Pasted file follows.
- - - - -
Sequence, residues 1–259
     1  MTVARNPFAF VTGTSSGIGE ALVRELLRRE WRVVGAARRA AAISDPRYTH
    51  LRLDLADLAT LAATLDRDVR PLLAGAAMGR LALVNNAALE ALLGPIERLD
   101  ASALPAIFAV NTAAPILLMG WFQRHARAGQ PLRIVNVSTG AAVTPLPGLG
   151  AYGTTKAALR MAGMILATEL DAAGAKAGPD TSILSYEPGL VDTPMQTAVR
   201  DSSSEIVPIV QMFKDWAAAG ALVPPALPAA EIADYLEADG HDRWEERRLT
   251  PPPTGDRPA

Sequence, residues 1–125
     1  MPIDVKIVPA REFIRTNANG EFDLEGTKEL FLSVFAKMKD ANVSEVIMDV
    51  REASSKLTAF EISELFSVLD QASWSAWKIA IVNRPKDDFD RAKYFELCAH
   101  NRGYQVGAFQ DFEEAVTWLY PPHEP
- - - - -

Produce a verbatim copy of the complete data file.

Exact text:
Sequence, residues 1–259
     1  MTVARNPFAF VTGTSSGIGE ALVRELLRRE WRVVGAARRA AAISDPRYTH
    51  LRLDLADLAT LAATLDRDVR PLLAGAAMGR LALVNNAALE ALLGPIERLD
   101  ASALPAIFAV NTAAPILLMG WFQRHARAGQ PLRIVNVSTG AAVTPLPGLG
   151  AYGTTKAALR MAGMILATEL DAAGAKAGPD TSILSYEPGL VDTPMQTAVR
   201  DSSSEIVPIV QMFKDWAAAG ALVPPALPAA EIADYLEADG HDRWEERRLT
   251  PPPTGDRPA

Sequence, residues 1–125
     1  MPIDVKIVPA REFIRTNANG EFDLEGTKEL FLSVFAKMKD ANVSEVIMDV
    51  REASSKLTAF EISELFSVLD QASWSAWKIA IVNRPKDDFD RAKYFELCAH
   101  NRGYQVGAFQ DFEEAVTWLY PPHEP